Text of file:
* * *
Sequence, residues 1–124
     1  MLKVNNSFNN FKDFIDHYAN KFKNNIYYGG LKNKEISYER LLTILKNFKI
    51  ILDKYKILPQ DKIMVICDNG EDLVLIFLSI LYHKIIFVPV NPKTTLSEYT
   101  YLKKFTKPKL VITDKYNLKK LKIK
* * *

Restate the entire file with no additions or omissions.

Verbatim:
Sequence, residues 1–124
     1  MLKVNNSFNN FKDFIDHYAN KFKNNIYYGG LKNKEISYER LLTILKNFKI
    51  ILDKYKILPQ DKIMVICDNG EDLVLIFLSI LYHKIIFVPV NPKTTLSEYT
   101  YLKKFTKPKL VITDKYNLKK LKIK